Skip to Main Content

Fake News & Evaluating Information: Evaluating News

This guide will help you to verify and utilize fact-based news resources for research purposes.

How to Analyze News Sources

Tips for analyzing the site:

  • Avoid websites that end in “lo” ex: Newslo. These sites take pieces of accurate information and then packaging that information with other false or misleading “facts” (sometimes for the purposes of satire or comedy).

  • Watch out for websites that end in “” They are often fake versions of real news sources.

  • Odd domain names generally lead to odd and rarely truthful news.

  • Bad web design and use of ALL CAPS. These can also be a sign that the source you’re looking at should be verified and/or read in conjunction with other sources.

  • The website you’re using encourages you to dox individuals. Doxing is searching for and publishing private or identifying information about someone on the Internet, typically with malicious intent.

  • Lack of author attribution. This may, but not always, signify that the news story is suspect and requires verification.

  • Watch out for bloggers posting under news brands. Some news organizations are letting bloggers post under the banner of particular news brands. However, many of these posts do not go through the same editing process (ex: BuzzFeed Community Posts, Kinja blogs, Forbes blogs).

  • Check the “About Us” tab on websites. Users can look up the website on Snopes or Wikipedia for more information about the source.


Tips for analyzing the article:

  • Watch out if known/reputable news sites are not also reporting on the story. Sometimes lack of coverage is the result of corporate media bias and other factors, but there should typically be more than one source reporting on a topic or event.

  • The story makes you REALLY ANGRY. If this happens, it’s probably a good idea to keep reading about the topic via other sources to make sure the story you read wasn’t purposefully trying to make you angry (with potentially misleading or false information) in order to generate shares and ad revenue.

  • Read multiple sources of information to get a variety of viewpoints and media frames. Some sources, such as The Daily Kos, The Huffington Post, and Fox News, alternate between providing important, legitimate, problematic, and/or hyperbolic news coverage, requiring readers and viewers to verify and contextualize information with other sources.


Fact Checking Sites "A nonpartisan, nonprofit 'consumer advocate' for voters that aims to reduce the level of deception and confusion in U.S. politics. We monitor the factual accuracy of what is said by major U.S. political players in the form of TV ads, debates, speeches, interviews and news releases. Our goal is to apply the best practices of both journalism and scholarship, and to increase public knowledge and understanding."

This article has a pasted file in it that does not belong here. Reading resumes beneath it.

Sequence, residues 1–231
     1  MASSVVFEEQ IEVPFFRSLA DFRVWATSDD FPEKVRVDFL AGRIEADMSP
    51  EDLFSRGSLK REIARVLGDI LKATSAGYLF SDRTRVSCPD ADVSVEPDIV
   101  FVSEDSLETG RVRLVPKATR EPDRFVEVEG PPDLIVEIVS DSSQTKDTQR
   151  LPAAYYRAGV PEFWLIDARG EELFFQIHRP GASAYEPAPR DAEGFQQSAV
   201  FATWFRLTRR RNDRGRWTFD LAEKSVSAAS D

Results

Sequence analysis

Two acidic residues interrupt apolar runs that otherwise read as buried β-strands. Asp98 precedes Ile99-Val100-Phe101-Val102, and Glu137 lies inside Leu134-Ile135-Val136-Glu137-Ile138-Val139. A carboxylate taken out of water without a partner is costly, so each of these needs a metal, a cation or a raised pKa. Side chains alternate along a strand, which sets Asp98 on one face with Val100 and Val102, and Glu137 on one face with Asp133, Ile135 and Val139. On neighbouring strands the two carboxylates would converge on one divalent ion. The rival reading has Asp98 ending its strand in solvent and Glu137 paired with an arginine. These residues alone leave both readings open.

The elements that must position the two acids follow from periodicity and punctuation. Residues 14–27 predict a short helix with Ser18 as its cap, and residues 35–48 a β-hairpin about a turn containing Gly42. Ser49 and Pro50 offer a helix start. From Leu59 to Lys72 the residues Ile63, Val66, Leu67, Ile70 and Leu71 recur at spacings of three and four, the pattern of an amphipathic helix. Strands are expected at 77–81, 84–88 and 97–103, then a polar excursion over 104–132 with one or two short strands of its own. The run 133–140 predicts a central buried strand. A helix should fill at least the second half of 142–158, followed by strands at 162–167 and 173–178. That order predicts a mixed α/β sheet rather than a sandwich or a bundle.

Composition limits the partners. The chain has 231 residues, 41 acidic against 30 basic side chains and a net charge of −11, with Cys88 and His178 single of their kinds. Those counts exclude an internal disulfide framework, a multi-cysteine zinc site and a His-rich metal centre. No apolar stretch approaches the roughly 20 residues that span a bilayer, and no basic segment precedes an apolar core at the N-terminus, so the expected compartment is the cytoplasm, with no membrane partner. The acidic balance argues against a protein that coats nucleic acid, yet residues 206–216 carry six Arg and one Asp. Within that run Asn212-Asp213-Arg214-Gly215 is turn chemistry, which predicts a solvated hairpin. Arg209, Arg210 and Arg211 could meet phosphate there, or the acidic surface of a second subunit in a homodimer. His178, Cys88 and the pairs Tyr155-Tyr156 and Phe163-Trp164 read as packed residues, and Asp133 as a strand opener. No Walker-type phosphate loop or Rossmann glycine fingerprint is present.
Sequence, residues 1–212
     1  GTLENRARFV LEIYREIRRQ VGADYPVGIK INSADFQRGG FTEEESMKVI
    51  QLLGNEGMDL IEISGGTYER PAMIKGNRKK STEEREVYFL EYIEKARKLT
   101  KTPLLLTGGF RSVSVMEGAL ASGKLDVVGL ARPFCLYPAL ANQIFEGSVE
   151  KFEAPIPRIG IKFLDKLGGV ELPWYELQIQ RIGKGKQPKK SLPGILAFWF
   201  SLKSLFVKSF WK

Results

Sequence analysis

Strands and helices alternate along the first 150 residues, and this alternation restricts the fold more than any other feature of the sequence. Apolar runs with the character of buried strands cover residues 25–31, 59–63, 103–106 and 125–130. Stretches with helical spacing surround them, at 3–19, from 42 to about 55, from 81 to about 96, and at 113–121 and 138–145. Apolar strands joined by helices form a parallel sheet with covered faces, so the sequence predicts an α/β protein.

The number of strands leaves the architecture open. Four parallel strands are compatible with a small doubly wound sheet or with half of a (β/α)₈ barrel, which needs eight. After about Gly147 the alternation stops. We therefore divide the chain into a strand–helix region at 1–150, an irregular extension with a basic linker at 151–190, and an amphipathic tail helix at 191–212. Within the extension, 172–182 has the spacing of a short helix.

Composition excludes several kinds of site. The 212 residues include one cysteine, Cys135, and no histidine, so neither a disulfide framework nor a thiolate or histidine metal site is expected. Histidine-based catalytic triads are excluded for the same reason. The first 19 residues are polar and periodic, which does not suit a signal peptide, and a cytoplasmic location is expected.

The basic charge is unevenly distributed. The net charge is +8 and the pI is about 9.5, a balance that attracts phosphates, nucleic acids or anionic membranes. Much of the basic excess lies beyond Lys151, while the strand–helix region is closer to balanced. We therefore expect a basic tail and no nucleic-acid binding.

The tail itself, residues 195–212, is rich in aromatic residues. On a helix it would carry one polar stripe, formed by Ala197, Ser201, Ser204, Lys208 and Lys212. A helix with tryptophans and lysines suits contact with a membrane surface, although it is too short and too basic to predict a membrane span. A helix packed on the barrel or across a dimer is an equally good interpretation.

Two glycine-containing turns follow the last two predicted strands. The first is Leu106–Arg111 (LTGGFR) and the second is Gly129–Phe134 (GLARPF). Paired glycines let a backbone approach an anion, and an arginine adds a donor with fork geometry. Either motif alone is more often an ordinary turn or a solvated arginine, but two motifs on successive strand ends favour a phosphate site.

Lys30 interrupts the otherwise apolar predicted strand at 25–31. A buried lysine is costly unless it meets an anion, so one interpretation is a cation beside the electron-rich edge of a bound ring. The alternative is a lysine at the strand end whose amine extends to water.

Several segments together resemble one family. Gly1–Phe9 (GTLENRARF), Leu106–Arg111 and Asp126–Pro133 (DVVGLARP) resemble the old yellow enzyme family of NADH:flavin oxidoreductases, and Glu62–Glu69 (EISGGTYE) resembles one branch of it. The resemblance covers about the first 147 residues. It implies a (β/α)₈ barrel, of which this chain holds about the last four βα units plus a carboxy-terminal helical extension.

SciCheck: This site "focuses exclusively on false and misleading scientific claims that are made by partisans to influence public policy."

Politifact: "Fact-checking journalism is the heart of PolitiFact. Our core principles are independence, transparency, fairness, thorough reporting and clear writing. The reason we publish is to give citizens the information they need to govern themselves in a democracy."

Snopes: "Snopes’ fact-checking and original, investigative reporting lights the way to evidence-based and contextualized analysis. We always link to and document our sources so readers are empowered to do independent research and make up their own minds."

All Sides: "We expose people to information and ideas from all sides of the political spectrum so they can better understand the world — and each other. We serve news consumers here at and provide patented technologies, tools and services to media companies, nonprofits, businesses and other organizations."

Open Secrets: "The nation's premier research group tracking money in U.S. politics and its effect on elections and public policy. Our mission is to track the flow of money in American politics and provide the data and analysis to strengthen democracy."

Web sources can be particularly hard to evaluate, so here is a handy acronym to help you determine if a source may be CRAAP. The CRAAP test is an acronym to use when evaluating an online source to identify if it is fake news.